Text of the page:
Release 07-62
December 17, 2007

    Dimitri Stanich
Consumer product alert: Don't purchase high ozone air cleaners

Using ozone to clean indoor air is worse than no cleaner at all

SACRAMENTO: The California Air Resources Board is warning consumers this holiday season to not purchase air purifiers or air cleaning devices that intentionally generate ozone. Consumers may unknowingly purchase these "ozone generators" from advertisers touting the so-called benefits of "activated oxygen' that can make the air inside your home "as fresh as the air after a thunderstorm."

Some ozone generators produce potentially harmful levels of ozone that can worsen asthma, cause serious lung inflammation, decrease lung function, and lead to hospitalization for respiratory conditions, emergency room visits for asthma, and increased school absences. Ozone, a well known component of outdoor smog, has been extensively studied and the harmful effects well documented. Ozone generators are capable of emitting enough ozone indoors to far exceed outdoor health standards, equivalent to intentionally creating a Stage 1 smog alert level inside your home.

The sale of these devices will be regulated by the Air Resources Board beginning in early 2008 with devices being tested to assure they do not emit harmful levels of ozone. Testing of air cleaners by certified laboratories, however, is expected to take up to two years, during which time such device can continue to be sold. For that reason, the Air Resources Board recommends that consumers avoid purchasing any air cleaner for home or office that intentionally emits ozone. A list of air cleaners to avoid is available here.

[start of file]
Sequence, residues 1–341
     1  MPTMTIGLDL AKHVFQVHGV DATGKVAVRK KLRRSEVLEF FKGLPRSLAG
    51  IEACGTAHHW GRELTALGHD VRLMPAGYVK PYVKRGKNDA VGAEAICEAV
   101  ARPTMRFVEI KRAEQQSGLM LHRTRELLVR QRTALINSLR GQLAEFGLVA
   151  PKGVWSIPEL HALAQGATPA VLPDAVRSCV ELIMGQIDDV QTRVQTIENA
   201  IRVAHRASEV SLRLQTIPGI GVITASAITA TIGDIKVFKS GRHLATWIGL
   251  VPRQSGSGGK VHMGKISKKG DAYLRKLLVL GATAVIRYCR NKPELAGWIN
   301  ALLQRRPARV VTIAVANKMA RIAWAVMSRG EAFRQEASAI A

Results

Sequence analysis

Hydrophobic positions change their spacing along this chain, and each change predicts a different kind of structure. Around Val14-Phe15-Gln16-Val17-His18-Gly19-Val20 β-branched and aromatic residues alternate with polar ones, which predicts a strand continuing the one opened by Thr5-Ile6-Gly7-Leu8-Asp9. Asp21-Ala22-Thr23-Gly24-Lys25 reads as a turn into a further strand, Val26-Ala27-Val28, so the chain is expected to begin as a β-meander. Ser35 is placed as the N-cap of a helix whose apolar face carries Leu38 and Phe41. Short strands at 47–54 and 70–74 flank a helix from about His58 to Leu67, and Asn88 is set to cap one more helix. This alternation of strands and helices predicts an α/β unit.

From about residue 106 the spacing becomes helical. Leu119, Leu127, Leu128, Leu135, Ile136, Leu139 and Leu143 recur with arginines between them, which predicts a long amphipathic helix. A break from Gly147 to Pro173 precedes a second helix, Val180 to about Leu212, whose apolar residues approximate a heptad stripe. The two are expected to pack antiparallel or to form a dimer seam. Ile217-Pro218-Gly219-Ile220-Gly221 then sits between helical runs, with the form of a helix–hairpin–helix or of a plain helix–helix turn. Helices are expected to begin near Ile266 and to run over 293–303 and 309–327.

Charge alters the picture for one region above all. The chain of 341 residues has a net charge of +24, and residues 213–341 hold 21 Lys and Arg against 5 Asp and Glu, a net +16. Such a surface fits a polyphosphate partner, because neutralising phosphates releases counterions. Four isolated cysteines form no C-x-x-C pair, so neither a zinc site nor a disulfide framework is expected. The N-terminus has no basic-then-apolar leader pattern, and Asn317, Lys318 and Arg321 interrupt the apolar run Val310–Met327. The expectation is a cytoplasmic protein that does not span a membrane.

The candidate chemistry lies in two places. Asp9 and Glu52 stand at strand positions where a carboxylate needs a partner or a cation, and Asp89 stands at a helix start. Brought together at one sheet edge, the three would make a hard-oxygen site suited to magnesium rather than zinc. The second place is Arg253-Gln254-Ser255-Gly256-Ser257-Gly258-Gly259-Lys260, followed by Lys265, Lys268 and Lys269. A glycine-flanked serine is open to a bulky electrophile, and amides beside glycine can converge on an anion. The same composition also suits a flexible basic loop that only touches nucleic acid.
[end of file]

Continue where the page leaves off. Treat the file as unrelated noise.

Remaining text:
The best and most effective way to avoid indoor air pollution problems is to remove the sources of the pollution or prevent emissions to begin with. Improving fresh-air ventilation is also helpful. Information on these approaches is available here: /research/indoor/indoor.htm. Persons still wishing to use an air cleaner should look for models that use high efficiency pleated filters, known as HEPA filters, or electrostatic precipitators. Ratings for these are available in Consumer Reports articles and at the Association of Home Appliances' Clean Air Delivery Rate directory, accessible here: /research/indoor/ozone.htm . ARB's fact sheet entitled " Air Cleaning Devices for the Home: Frequently Asked Questions" is also available at the site and can help you select the appropriate air cleaner for your needs.

Again, these devices pump a known air pollutant into people's homes putting everyone at risk, especially the most vulnerable amongst us, the young, the elderly and infirm.

For further information about ozone-emitting air cleaners and the Air Resources Board regulation visit here, or call the ARB indoor air hotline at 916-322-8282.

The Air Resources Board is a department of the California Environmental Protection Agency. ARB's mission is to promote and protect public health, welfare, and ecological resources through effective reduction of air pollutants while recognizing and considering effects on the economy. The ARB oversees all air pollution control efforts in California to attain and maintain health based air quality standards.